If you know of any authors interested in participating, please have them join the IAHSL Facebook group at https://www.facebook.com/groups/IndieAuthorsforHurricaneSandyLibraries/. I would greatly appreciate your assistance in spreading the word.

Children’s Book of the Week and Other Book Reviews

In Children's Book of the Week, Children's Book Reviews on March 1, 2013 at 1:50 am

This week’s children’s book reviews are up over on my website. Please drop by and see them. As ever, I hope you enjoy my varied choice of books and the reviews of them, and, of course, my choice for Book of the Week. Don’t forget to scroll down the page at Mungai and the Goa Constrictor where you can read the full reviews of all the books.

Children’s Book of the Week

No Boys Allowed by Marilyn Levinson featured on mungaiandthegoaconstrictor.me

No Boys Allowed by Marilyn Levinson

Other Books I Have Reviewed

Wolf Facts and Pictures by P.K.Miller

Adventures of Percy the Pig by Tori Gilbert

Adventures of Frosty (The Strange Thing) by Waide Marshall

Children’s Book of the Week and Other Book Reviews

In Children's Book of the Week, Children's Book Reviews on February 17, 2013 at 11:59 pm

This week’s children’s book reviews are up over on my website. Please drop by and see them. As ever, I hope you enjoy my choice of books and the reviews of them, and, of course, my choice for Book of the Week. Don’t forget to scroll down the page at Mungai and the Goa Constrictor where you can read the full reviews of all the books.

Children’s Book of the Week

Big and  Little featured on Carte Blanche by Amelia Curzon

The Tales of Big and Little: Doom of the Three Stones by Josh Kilen

Other books reviewed

Raindrop’s World by Carl Pettit

My T-Rex Has a Toothache by Elwyn Tate

Sock Full of Pennies by Danny Dean

Children’s Book of the Week and Other Book Reviews

In Children's Book of the Week, Children's Book Reviews on February 10, 2013 at 7:46 pm

This week’s children’s book reviews are up over on my blog. Please drop by and see them. As ever, I hope you enjoy my choice of books and the reviews of them, and, of course, my choice for Book of the Week. Don’t forget to scroll down the page at Mungai and the Goa Constrictor where you can read the full reviews of all the books.

Children’s Book of the Week

Wise Bear William – A New Beginning written by Arthur Wooten and Illustrated by Bud Santora

Wise Bear William featured on mungaiandthegoaconstrictor.me

Other Books Reviewed

Warriors Book1: Into the Wild by Erin Hunter

Magic Molly Book 1: Mirror Maze by Trevor Forest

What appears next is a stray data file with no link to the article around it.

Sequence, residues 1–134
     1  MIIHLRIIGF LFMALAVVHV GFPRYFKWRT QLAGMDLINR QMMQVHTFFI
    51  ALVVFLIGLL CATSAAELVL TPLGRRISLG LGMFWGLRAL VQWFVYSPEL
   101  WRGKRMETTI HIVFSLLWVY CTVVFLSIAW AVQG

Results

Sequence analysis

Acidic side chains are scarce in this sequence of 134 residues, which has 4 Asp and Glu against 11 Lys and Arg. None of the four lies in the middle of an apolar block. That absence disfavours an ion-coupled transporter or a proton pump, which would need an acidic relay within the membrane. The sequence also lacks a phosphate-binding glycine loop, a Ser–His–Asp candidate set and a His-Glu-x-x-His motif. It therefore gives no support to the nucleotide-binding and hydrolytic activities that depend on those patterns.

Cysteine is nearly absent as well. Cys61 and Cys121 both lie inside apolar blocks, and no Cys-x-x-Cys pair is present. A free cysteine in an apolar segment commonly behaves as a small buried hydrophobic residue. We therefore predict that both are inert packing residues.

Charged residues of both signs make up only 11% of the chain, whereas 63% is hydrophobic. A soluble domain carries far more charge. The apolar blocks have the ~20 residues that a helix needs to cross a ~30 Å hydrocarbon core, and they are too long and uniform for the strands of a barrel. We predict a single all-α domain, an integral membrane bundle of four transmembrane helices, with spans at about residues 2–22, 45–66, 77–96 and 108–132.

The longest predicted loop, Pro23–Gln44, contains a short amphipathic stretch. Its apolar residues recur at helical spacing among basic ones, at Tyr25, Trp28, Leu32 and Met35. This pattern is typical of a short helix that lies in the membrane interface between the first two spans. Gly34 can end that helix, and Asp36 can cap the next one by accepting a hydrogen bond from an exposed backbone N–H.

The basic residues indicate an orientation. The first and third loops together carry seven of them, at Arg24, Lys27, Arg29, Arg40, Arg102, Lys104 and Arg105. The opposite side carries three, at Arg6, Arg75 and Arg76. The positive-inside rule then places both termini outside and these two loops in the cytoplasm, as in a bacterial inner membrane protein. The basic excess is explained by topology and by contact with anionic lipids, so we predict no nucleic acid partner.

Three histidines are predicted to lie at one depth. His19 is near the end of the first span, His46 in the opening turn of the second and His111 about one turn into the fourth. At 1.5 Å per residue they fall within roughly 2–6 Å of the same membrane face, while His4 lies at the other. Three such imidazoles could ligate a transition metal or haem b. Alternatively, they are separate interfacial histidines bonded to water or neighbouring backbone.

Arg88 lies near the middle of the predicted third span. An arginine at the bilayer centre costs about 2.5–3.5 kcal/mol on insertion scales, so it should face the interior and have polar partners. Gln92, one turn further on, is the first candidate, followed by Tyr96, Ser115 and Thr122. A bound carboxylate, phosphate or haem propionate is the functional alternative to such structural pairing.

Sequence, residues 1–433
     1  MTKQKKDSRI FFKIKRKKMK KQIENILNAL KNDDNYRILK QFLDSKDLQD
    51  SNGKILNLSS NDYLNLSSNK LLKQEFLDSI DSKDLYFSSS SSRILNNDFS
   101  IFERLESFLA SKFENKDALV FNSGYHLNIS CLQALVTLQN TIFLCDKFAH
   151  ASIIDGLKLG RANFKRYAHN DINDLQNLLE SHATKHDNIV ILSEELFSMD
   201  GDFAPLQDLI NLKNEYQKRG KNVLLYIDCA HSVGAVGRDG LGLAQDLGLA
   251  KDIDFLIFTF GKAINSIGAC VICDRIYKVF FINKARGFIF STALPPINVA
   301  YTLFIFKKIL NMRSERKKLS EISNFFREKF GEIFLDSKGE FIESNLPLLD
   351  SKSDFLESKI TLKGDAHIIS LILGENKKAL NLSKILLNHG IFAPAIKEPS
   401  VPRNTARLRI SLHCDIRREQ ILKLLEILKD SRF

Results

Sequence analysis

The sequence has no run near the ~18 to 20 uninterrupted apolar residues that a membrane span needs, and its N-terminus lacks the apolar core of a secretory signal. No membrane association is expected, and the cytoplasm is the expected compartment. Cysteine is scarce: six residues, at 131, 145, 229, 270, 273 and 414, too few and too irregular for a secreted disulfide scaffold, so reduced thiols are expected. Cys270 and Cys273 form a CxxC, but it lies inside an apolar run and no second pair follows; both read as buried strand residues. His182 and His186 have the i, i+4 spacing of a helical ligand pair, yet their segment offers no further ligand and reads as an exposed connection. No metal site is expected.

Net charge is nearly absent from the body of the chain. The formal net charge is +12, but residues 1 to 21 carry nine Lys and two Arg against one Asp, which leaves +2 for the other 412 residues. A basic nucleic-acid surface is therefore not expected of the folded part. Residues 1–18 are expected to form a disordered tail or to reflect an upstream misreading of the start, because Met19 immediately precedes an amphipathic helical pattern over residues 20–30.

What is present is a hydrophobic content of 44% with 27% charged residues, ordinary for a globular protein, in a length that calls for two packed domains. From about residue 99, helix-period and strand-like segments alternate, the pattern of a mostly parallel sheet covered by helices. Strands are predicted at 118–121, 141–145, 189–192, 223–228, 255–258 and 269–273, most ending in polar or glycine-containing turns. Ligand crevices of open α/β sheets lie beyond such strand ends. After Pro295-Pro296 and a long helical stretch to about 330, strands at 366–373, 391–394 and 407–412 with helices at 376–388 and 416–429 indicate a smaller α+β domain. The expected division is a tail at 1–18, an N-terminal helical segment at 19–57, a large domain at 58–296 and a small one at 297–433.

I Love My ABCs by Mary Lee

Children’s Book of the Week and Other Book Reviews

In Children's Book of the Week, Children's Book Reviews on January 31, 2013 at 8:29 pm

This week’s children’s book reviews are up over on my blog. Please drop by and see them. As ever, I hope you enjoy my choice of books and the reviews of them, and, of course, my choice for Book of the Week. Don’t forget to scroll down the page at Mungai and the Goa Constrictor  where you can read the full reviews of all the books.

Children’s Book of the Week

The Issy Books by Pat “Gigi” Calfee – Illustrated by Isybilla Gee

Other books reviewed

Kiwi in Cat City by Vickie Johnstone

Switch by Karen Prince

A Tale of Four Birds by Gramps Doodlebug

Children’s Book of the Week and Other Book Reviews

In Children's Book of the Week, Children's Book Reviews on January 24, 2013 at 6:50 pm

This week’s children’s book reviews are up over on my blog. Please drop by and see them. I hope you enjoy my choice of books and the reviews of them, and, of course, my choice for Book of the Week. Don’t forget to scroll down the page at Mungai and the Goa Constrictor where you can read the full reviews of all the books.

"What if I Don't Understand" - Children's Book of the week on Carte Blanche by Amelia CurzonChildren’s Book of the Week: But What If I DON’T Understand? By C. P. Siebenhuener

Other books reviewed:

Patchwork Dog and Calico Cat by Greta Burroughs

Kevin and the Seven Lions by Martin Tiller

Song for Papa Crow by Marit Menzin

Children’s Book of the Week and Other Book Reviews

In Children's Book of the Week, Children's Book Reviews on January 17, 2013 at 7:02 pm

Welcome to another week of children’s book reviews. I hope you enjoy my choice of books and the reviews of them, and, of course, my choice for Book of the Week. Don’t forget to scroll down the page at http://mungaiandthegoaconstrictor.me/ where you can read the full reviews of all the books.

A Blue Poetry Paintbox book cover featured on Carte Blanche by Amelia CurzonChildren’s Book of the Week: A Blue Poetry Paintbox chosen by John Foster

Other books reviewed:

My Sister Lives on the Mantelpiece by Annabel Pitcher

A Wolf Pup’s Tale by Rachel Yu

The Rat Who Didn’t Like Rats by Blythe Ayne